• McCullough B.R.
      • Grintsevich E.E.
      • Chen C.K.
      • Kang H.R.
      • Hutchison A.L.
      • Henn A.
      • Cao W.X.
      • Suarez C.
      • Martie J.L.
      • Blanchoin L.
      • Reisler E.
      • De La Cruz E.M.
      Cofilin-linked changes in actin filament flexibility promote severing.
      ).

      Small cofilin clusters (n ≥ 2) retain the cofilactin conformation

      Small, bound cofilin clusters (n = 2 or 3; Fig. 5) formed by computational ablation were found to be stable, as shown by computing the RMSD of actin subunits within the cluster to the starting model (over the course of 160 ns of MD simulations following ablation; Fig. 5C). In contrast, ablation of all but a single cofilin does not retain the cofilactin structure (Fig. 5C). In the corresponding simulation (n = 1), the average RMSD to the starting model increases soon after the start and continues to increase for the duration of the simulation although the cofilin remains stably bound (Fig. 5C). This behavior suggests that two contiguously bound cofilin molecules, either longitudinal or lateral, are sufficient to retain the cofilactin conformation and are consistent with a cooperative binding nucleus size of two contiguously bound cofilins (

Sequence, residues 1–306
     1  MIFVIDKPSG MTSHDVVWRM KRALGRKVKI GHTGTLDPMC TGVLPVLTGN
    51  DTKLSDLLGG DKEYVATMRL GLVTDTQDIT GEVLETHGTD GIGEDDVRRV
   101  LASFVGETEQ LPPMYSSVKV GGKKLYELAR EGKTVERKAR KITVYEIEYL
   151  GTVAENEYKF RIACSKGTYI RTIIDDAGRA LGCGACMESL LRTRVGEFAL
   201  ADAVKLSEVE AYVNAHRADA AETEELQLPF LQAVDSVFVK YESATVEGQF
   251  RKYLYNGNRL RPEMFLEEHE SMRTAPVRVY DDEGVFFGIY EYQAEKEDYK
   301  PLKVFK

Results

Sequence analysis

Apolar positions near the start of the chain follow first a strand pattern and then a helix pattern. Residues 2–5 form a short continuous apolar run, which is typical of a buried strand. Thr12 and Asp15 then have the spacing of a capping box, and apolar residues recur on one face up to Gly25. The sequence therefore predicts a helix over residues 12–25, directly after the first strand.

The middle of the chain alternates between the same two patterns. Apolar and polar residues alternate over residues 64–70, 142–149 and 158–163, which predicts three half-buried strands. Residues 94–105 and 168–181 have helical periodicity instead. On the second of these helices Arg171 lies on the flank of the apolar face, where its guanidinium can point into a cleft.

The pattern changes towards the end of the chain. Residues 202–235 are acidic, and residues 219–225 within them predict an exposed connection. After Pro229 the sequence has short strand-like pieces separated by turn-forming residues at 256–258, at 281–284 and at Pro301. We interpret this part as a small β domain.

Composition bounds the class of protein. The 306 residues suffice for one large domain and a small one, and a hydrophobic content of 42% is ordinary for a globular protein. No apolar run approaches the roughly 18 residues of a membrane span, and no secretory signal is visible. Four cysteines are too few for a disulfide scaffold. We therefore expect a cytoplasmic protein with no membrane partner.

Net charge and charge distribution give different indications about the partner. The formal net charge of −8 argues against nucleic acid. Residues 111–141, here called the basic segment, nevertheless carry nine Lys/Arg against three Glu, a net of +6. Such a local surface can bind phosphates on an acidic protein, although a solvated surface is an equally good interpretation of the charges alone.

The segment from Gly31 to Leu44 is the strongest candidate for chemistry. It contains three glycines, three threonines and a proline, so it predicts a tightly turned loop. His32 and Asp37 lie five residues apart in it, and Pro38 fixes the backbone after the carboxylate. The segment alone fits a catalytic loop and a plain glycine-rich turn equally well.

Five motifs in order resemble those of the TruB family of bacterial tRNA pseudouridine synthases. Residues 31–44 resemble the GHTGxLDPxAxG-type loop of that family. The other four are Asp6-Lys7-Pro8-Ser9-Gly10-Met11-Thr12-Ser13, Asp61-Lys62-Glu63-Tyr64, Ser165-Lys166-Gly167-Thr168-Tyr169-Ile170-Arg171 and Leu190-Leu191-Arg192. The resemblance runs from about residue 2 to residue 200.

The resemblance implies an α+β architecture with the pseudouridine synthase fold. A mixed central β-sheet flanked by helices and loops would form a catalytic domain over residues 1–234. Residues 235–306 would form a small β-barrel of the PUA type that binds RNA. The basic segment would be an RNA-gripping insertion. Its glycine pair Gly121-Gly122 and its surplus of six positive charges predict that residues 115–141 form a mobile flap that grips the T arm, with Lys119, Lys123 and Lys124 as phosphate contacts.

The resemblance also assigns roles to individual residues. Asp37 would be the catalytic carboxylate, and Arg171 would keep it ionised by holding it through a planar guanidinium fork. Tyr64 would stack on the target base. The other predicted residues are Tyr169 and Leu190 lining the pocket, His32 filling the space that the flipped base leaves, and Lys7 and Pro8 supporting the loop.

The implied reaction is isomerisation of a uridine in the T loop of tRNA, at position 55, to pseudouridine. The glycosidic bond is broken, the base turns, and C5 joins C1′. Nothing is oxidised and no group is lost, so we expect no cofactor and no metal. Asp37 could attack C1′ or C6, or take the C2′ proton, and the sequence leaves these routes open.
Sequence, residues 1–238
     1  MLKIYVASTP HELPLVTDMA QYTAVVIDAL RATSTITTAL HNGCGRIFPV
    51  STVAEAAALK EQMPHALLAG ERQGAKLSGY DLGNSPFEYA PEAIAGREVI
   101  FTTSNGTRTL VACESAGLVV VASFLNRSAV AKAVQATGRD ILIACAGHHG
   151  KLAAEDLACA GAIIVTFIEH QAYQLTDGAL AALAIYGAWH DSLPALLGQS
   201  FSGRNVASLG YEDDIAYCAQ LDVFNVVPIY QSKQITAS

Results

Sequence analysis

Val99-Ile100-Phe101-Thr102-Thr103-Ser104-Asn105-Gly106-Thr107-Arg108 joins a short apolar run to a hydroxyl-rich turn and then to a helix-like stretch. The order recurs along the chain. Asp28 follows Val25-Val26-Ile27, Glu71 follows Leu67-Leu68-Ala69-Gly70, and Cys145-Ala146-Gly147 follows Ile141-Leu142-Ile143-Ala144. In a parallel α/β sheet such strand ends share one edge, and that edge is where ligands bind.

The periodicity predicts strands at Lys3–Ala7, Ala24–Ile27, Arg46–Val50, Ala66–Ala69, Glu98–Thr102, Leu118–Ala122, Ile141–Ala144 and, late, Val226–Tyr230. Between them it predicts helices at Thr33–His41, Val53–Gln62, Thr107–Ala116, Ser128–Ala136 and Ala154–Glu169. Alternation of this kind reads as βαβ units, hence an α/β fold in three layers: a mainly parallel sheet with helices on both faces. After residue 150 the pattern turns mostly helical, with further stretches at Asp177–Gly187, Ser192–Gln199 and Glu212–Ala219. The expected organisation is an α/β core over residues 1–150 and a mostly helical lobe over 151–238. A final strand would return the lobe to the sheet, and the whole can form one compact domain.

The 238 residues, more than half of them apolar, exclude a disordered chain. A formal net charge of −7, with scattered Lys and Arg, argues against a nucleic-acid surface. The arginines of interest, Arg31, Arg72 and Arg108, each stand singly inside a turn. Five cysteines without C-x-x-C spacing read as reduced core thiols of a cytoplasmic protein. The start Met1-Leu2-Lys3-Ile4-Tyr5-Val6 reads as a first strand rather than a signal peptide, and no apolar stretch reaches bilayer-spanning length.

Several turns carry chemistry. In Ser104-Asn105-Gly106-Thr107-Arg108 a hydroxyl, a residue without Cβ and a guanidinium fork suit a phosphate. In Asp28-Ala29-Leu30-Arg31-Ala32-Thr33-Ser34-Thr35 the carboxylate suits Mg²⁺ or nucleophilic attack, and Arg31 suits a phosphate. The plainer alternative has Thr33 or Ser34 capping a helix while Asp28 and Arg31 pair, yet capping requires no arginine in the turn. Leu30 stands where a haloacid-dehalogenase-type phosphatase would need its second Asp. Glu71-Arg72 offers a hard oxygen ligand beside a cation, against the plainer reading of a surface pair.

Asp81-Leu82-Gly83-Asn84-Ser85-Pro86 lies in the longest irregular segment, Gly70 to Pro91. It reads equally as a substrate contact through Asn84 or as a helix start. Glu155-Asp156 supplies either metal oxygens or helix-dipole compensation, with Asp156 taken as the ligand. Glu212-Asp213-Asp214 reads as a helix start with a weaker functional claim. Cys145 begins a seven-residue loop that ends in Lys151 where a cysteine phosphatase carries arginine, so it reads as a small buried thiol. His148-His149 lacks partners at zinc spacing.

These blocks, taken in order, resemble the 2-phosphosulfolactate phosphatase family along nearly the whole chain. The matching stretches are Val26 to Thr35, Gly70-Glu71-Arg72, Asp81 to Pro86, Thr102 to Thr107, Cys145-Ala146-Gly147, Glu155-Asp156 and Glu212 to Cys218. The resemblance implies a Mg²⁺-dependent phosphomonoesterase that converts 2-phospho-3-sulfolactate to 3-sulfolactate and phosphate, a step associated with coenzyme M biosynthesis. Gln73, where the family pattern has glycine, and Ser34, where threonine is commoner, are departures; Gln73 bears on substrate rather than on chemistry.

• Huehn A.R.
      • Bibeau J.P.
      • Schramm A.C.
      • Cao W.
      • De La Cruz E.M.
      • Sindelar C.V.
      Structures of cofilin-induced structural changes reveal local and asymmetric perturbations of actin filaments.
      ).

      Conclusions

      A model of the slow-severing actin–cofilactin boundary (barbed end of a cofilin domain) constructed and observed by MD captured critical structural features of the interface that was recently determined at intermediate resolution by cryo-EM. This consistency lends credence to a computational model of the fast-severing boundary (pointed end of a cofilactin domain), which has not been visualized by cryo-EM. The proposed severing location for the modeled fast-severing boundary (pointed end of the interfacial subunits) exhibits compromised D-loop and other longitudinal contacts without compensatory stabilizing cofilin interactions, commensurate with enhanced severing at that boundary. While the same location in the slow-severing boundary has a reduction in longitudinal contacts at interfacial subunits, similar to what is seen at the fast-severing boundary, this is compensated by contacts with a bound cofilin at each subunit and hence is not the most likely locus for severing. Instead, we propose that the severing interface for the slow-severing boundary is at the barbed end of the interfacial subunits due to the abrupt change in structure. However, the higher number of contacts at the position we deem most likely for severing is consistent with a slower-severing rate compared with the severing location (interface) for the fast-severing boundary (pointed end of interfacial subunits).